Molding Perceptions: A Response

Molding Perceptions: A Response

by Lieutenant Colonel Cliff W. Gilmore

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In his Small Wars Journal article titled "Molding Perceptions: American Engagement with the Media after the bin Laden Raid", Marno de Boer identified a basic problem associated with U.S. public communication in the days immediately following the bin Laden operation: "During the first 48 hours after the raid," he states, "U.S. officials did not yet have a complete picture of what had happened inside the Abbottabat (sic) complex." This statement raises several significant questions, including:

- Why didn't U.S. officials have a complete picture of what happened inside the complex?

- Why was U.S. public communication about the raid jumbled and frequently inaccurate?

- Why did U.S. public communication about the raid originate from the top of a hierarchy geographically removed from the event?

- Why was comprehensive, deliberate, timely public-communication not an integral part of planning for the raid?

Finally why, when closing on an established long-term goal following more than a decade of persistent warfare in which public perception plays an increasingly critical role, was the U.S. unprepared to shape the strategic narrative?

Download the Full Article: Molding Perceptions: A Response

Cliff W. Gilmore is a doctoral researcher in the field of organization management and leadership with Capella University and a 2010-11 Fellow with MIT's Seminar XXI on Foreign Politics, International Relations and the National Interest. The topic of his ongoing dissertation is principle-based communication as a leadership practice. He is an active duty U.S. Marine Lieutenant Colonel assigned as Special Assistant for Public Communication to the 8th Vice Chairman of the Joint Chiefs of Staff.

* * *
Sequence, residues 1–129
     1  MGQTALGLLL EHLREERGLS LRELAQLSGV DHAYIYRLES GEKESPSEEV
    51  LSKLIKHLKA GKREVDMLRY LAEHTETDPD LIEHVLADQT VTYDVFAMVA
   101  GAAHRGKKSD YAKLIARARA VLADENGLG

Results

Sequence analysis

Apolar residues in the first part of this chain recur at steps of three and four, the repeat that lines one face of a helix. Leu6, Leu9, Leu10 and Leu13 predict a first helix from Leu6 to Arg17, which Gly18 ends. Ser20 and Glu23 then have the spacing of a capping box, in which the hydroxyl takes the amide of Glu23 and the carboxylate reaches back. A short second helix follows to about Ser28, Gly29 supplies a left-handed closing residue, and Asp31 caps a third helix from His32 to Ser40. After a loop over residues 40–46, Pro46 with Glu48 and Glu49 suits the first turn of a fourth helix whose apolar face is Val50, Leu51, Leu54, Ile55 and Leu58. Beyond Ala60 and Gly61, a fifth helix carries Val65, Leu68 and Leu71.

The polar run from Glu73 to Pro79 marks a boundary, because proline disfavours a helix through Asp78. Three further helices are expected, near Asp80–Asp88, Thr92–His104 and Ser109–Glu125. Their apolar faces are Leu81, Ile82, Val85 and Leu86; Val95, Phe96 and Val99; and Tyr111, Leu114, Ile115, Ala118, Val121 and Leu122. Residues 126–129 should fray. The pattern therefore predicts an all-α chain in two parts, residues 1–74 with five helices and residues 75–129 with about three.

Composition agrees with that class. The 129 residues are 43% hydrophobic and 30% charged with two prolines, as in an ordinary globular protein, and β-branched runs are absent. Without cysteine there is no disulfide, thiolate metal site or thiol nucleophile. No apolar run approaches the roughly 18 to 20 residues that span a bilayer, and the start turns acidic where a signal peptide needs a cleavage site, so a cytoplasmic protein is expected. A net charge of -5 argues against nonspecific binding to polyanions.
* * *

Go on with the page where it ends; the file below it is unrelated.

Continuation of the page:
The opinions expressed here are the author's and do not necessarily reflect those of the U.S. Department of Defense or the U.S. Marine Corps.

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Do you have an email address that you are willing to supply in order for me to contact you?

Absentmindedprofessor --

Thanks for the tips. At this point I'm looking closely into the overlap between social comm theories (baseline monologic compared to dialogic/transactional), leadership theories (servant, stakeholder and change), and existing doctrine/directives/orders/policies with an emphasis on Bridges, Axelrod, and Kotter & Cohen. Several of the theories related to ethics come into play as well.

So many theories, so little time to put them to practical use, neh?

Cheers,
Cliff

Thanks for engaging.

If I may. As you progress through your dissertation research I would offer that you find a "good theory" which you can hang your thesis on.